Crown Your King
Richard III was King of England from 1483 until his death in 1485, at the age of 32, at the Battle of Bosworth Field. He was the last Plantagenet King of England.
Popularity in England - 5
Although Richard was proven to be a good soldier and had strong support in the North of England, his popularity was fading by the time of Bosworth, with many of his brother's former supporters now lending help to Henry Tudor. The uncertain fate of his nephews during his rise to the throne did not help his public image.
Army Size - 10000
The exact numbers of the armies at Bosworth is debated as the writers of the time give conflicting reports, but many believe that Richard's army numbered around 10,000.
Military prowess - 8
Richard successfully commanded the vanguard (right flank) in two battles prior to Bosworth.
Battle Tactics at Bosworth - 3
He would have read the military manuals of the day, but his enemies at Bosworth appear to have had stronger tactics, which restricted Richard's options on the day. This restriction, combined with the lack of support from some of his supporters led Richard to make some unusual tactical decisions, such as the final charge against Henry.
Casualties Sustained at Bosworth - 1000
Polydor Virgil, who wrote the first official history of the Battle, tells us that 1100 men were slain, only 100 of which were on Henry's side. It was common for a defeated army to lose far more men than the victors and many were killed in the rout as the soldiers fled the field.
After the Battle of Bosworth - 0
King Richard was killed in the Battle.
Financial Governance - 6
Having inherited a pretty much empty Royal Treasury following years of civil war and lavish spending by his brother Edward, Richard’s short reign could not have much impact on reviving the economy, but Richard understood the need for strong domestic trade. He banned certain foreign imports and ensured that foreign merchants always left with English goods on board.
Foreign Policy - 4
Richard and his brother both had a difficult relationship with France. Under Edward’s reign Richard had been keen to take back some of the French lands and was disappointed when his brother accepted a payoff by the French. Richard also supported a pretensided with Brittany in their own quarrel with France, with the exiled Henry Tudor used as a bargaining piece between Richard and the Duke of Brittany. Richard also supported a pretender to the Scottish throne, resulting in Scottish royal support for Henry Tudor. Ultimately, the king of France paid for Henry’s Bosworth campaign to secure a friendly English King.
Henry VII was King of England and the Principality of Wales and Lord of Ireland from his seizing the crown on 22 August 1485 until his death on 21 April 1509.
Popularity in England - 5
Prior to Bosworth Henry was charismatic enough to recruit many soldiers to his cause. As King he was by no means popular due to his swift and tight control of the nobility and gentry. He did however shrewdly and systematically refill the Royal Coffers to make the country solvent again.
Army Size - 5000
Henry's army had a hard core of French paid mercenaries, who seem to have fought as a slightly separate unit. The rest of his army was made up of former Yorkist supporters and a few dyed in the wool Lancastrian supporters, including his commander, the Earl of Oxford. His army was said to be half the size of Richard's.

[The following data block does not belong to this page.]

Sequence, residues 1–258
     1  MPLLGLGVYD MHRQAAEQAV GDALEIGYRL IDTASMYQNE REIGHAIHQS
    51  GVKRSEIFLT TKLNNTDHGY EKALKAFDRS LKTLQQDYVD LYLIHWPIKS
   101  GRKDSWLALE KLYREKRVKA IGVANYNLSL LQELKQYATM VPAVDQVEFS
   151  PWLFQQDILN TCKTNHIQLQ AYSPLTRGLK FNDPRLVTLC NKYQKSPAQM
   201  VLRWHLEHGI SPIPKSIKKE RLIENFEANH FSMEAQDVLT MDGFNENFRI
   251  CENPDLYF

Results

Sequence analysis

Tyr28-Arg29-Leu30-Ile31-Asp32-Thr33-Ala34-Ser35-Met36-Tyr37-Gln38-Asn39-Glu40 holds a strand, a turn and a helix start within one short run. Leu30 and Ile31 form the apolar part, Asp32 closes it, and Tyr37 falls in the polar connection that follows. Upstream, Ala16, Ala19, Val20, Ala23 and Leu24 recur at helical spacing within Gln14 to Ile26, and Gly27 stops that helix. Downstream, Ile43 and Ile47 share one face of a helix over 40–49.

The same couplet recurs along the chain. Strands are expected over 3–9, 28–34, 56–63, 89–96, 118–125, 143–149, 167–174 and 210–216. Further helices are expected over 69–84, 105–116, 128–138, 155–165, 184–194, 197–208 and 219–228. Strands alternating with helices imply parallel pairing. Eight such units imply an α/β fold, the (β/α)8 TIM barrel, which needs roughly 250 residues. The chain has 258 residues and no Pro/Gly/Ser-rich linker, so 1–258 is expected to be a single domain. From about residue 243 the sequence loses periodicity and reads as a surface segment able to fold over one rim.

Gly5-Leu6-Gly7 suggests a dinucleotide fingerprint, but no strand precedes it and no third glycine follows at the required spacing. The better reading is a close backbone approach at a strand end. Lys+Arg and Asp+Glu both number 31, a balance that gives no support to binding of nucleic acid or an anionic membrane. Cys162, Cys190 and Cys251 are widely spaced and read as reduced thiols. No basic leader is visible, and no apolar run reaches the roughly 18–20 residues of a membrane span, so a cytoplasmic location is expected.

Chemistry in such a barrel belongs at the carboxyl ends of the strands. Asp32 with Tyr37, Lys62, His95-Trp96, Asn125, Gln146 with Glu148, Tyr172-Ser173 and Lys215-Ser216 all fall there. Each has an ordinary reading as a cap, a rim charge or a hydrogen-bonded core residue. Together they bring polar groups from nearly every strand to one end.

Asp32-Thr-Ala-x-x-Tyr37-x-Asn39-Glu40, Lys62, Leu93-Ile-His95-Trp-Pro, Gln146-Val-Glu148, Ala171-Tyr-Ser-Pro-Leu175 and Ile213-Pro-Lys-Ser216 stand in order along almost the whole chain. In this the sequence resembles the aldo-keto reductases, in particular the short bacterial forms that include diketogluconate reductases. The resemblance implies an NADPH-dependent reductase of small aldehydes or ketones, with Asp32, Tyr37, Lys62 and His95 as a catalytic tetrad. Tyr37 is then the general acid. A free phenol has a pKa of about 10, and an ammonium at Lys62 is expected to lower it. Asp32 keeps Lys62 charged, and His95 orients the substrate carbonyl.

Military prowess - 4
Before Bosworth, Henry Tudor did not have any military experience. He did, however, have John de Vere, the Earl of Oxford and other capable commanders to bring him military success. He is said by sympathetic chroniclers to have surprised even his own soldiers in his energetic defence against Richard’s charge at Bosworth.
Battle Tactics at Bosworth - 8
Given Henry's lack of battle experience, the Earl of Oxford commanded his army at Bosworth (and again at Stoke Field). Henry's French mercenaries are likely to have had modern Continental tactics, which may have led to Norfolk's defeat. The decisive positioning at Bosworth was the tactical side line positioning of the Stanley army, which potentially threatened the flanks of both Richard's and Henry's forces. This arrangement may have been agreed with Henry in advance.
Casualties Sustained at Bosworth - 100
Although many more men would have been injured, the official report of Polydor Virgil mentions that 100 of Henry's men were killed in the fighting. Some of these would have died in the clash against the Duke of Norfolk, while others were killed during Richard's charge against Henry.
After the Battle of Bosworth - 10
Henry was unofficially crowned King of England at Stoke Golding immediately after the Battle and was officially crowned at Westminster Abbey on 30th October 1485.
Financial Governance - 10
Through very careful personal scrutiny of all the royal accounts, the country’s import and export markets, avoiding expensive foreign wars and by levying heavy fines on those who offended him, Henry managed to refill the treasury of England.
Foreign Policy - 9
Henry arranged marriages among his family to many of the royal families of Europe and employed careful tactics to avoid hugely expensive foreign wars. Under Henry’s patronage John Cabot set off to find a passage to China, instead landing in North America in 1497, starting England’s period of world exploration.